General Merchandise

CBD Products Outpacing Alcohol Beverages, Medications

More than 20% of cannabidiol users are drinking fewer adult beverages, study says
Photograph: Shutterstock

CHICAGO — More than half of consumers who use products containing cannabidiol (CBD)—a nonpsychoactive component of cannabis—are increasingly consuming fewer prescription and over-the-counter (OTC) medications, according to a new study by High Yield Insights, a cannabis consumer insights firm.

The study explores why and how consumers are incorporating CBD into their lives and its effect on other consumer packaged goods categories. High Yield Insights surveyed 2,000 consumers ages 21 and older, 1,500 of whom had used CBD products within the past three months, and 500 who have never used it.

Top reasons for CBD product use include mental and emotional health, specifically for anxiety (63%) and depression (44%); and physical health, such as for chronic joint pain (39%), muscle aches (33%) and sleeplessness (30%), according to the study.

“Current users overwhelmingly believe in the power of CBD,” said Mike Luce, co-founder of High Yield Insights. “Over 80% of our study participants have faith in CBD’s ability to improve overall wellness, including a myriad of physical and mental health conditions. This perception causes ripple effects in other categories like alcohol, as CBD is seen as a healthier alternative for occasions such as winding down in the evening. We heard consumers voice greater interest in CBD than other products like vitamins and supplements as well. These substitution effects will spread across many mainstream categories as awareness, interest and usage of CBD products continue to grow.”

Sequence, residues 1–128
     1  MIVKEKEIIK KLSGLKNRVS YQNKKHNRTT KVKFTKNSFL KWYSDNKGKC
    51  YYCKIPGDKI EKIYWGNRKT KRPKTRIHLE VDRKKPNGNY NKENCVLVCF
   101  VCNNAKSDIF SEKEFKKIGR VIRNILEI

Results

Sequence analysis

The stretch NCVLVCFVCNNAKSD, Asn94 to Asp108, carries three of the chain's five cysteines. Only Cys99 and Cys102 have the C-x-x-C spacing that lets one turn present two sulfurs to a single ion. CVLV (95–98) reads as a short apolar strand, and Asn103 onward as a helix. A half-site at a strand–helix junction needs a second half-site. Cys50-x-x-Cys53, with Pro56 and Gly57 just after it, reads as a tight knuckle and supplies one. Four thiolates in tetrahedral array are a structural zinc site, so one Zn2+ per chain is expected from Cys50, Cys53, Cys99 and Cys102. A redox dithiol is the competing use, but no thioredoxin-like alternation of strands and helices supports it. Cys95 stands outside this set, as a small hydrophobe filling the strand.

CBD is hurting the alcoholic beverage industry, according to the study. More than 20% of CBD users are increasingly drinking fewer alcohol beverages, according to the report. Specifically, a quarter of CBD users are drinking less wine, 56% are drinking less macro and craft beer and nearly two-thirds are drinking less spirits. Wine consumers are more open to using CBD than those who drink beer or spirits, the study said.

“It's not surprising to see alcohol brands investing in the Canadian cannabis industry and the domestic CBD marketplace, given the potential for growth or at least capturing substitution dollars in markets that are going to be most affected,” Luce said.

Chicago-based High Yield Insights produces reports and consumer insights on the cannabis market and cannabis consumers. Its focuses include consumer behavior, product design and market viability.

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